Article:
The Collages of Helen Adam
Helen Adam always had her camera with her. The first picture I have of hers is from a Halloween Party with Ebbe Borregaard, Joe Dunn, and me in costume. She was famous for the strange phenomena her brownie camera permitted—swirls of light and water spouts rising up out of ponds next to Robert Duncan. After I returned from Japan in 1964, I found my old friend, painter and Zen student Bill McNeill, was making a movie starring Helen—Daydream of Darkness. Scenes were dramatic, overlooking the ocean, crashing waves, swirling capes in front of moody cypress. 1963-64 was a time of heightened social activity, and Helen took lots of pictures of her poet and artist friends, many of which were in her show at Buzz Gallery. Her photos were a great gift of the moment.
— Joanne Kyger
The seamless collages of Helen Adam seem to defy their own construction. The collaged images are so deftly woven together that we often do not at first see the eerie combinations half hidden in what appears to be a normal, regular, expected scene. Then our eyes draw back in question and looking again we see that the highly fashionable, exquisite gown is held up by clinging bats stretched neatly over the pale shoulder of the young girl, replacing elegant spaghetti straps with slender bat arms and long bat fingers. How did Helen Adam do that? This must be tweezers work of the highest order. We can only marvel at the creation of these chilling, stunning, magical, monstrous, intriguing paperworks. They become interconnected, forming an ever-widening labyrinth that draws us into the dark, uncharted world of Helen Adam, where her marvelous camouflage unhinges our reality.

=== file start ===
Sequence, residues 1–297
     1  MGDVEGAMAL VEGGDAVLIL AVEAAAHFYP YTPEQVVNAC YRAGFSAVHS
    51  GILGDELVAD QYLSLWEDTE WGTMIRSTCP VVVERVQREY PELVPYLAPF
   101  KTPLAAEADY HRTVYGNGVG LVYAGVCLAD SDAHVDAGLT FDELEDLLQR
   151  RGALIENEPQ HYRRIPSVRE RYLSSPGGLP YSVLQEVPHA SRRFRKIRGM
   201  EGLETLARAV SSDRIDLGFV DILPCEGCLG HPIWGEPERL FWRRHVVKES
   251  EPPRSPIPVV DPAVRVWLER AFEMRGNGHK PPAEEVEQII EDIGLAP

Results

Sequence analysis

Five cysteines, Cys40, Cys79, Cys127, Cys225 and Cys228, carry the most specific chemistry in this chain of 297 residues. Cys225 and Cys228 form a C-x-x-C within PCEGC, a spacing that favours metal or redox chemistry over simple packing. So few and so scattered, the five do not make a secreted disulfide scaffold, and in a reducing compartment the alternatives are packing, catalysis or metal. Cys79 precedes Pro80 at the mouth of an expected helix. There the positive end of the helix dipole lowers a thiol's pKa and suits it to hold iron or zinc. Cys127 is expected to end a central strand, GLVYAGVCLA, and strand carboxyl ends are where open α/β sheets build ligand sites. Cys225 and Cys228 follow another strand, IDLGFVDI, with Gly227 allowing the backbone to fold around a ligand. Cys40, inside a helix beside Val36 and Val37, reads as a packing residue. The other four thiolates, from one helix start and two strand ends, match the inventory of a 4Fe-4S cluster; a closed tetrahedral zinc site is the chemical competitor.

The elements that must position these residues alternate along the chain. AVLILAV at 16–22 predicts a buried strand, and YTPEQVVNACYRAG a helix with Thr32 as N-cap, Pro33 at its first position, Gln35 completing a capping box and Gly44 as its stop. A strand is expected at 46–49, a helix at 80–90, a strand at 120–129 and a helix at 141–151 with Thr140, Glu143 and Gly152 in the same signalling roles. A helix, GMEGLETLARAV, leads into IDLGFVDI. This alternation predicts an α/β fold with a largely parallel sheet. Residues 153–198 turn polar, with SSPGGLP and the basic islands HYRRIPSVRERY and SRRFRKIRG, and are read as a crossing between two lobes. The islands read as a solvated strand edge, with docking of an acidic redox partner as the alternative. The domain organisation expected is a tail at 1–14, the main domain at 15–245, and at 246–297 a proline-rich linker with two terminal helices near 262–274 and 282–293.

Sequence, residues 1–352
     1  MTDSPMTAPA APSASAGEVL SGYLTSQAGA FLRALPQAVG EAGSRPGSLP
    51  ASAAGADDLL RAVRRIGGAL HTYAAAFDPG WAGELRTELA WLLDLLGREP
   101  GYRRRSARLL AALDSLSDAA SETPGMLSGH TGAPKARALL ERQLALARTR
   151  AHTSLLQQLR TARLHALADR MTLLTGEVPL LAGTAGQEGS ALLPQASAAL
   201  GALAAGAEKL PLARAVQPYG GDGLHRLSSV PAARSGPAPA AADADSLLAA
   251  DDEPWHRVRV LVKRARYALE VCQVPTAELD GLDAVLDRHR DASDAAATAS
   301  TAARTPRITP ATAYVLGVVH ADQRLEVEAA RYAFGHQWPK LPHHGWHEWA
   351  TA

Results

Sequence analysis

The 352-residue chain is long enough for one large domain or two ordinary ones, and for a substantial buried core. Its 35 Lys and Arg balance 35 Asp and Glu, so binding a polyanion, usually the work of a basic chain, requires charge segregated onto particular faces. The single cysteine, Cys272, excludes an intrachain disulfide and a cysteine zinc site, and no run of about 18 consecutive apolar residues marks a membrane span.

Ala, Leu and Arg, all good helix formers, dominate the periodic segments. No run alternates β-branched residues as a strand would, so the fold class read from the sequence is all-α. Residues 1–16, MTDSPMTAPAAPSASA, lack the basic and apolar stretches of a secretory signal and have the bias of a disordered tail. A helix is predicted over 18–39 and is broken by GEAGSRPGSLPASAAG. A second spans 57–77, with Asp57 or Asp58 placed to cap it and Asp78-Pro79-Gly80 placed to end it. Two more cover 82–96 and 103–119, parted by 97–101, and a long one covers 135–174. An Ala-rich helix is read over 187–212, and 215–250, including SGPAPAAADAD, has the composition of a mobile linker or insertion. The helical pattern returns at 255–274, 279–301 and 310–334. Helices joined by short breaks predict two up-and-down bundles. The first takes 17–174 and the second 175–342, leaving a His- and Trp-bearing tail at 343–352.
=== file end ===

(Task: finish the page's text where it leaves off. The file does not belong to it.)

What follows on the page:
— Maureen Owen
Helen Adam lived the dream-scape of visionary poesis and made dramatic icons of her visions in witty, wicked, and campy-critical collages. It is thrilling to have this selection of her bewitching and informative art treated with the care and affection it deserves in this elegant presentation.
— Rachel Blau DuPlessis
Edited by Alison Fraser. Featuring essays by James Maynard, Lewis Ellingham, Samuel R. Delany, Robert Hershon, and Kristin Prevallet.
Hardcover. 176 pages. Full color throughout.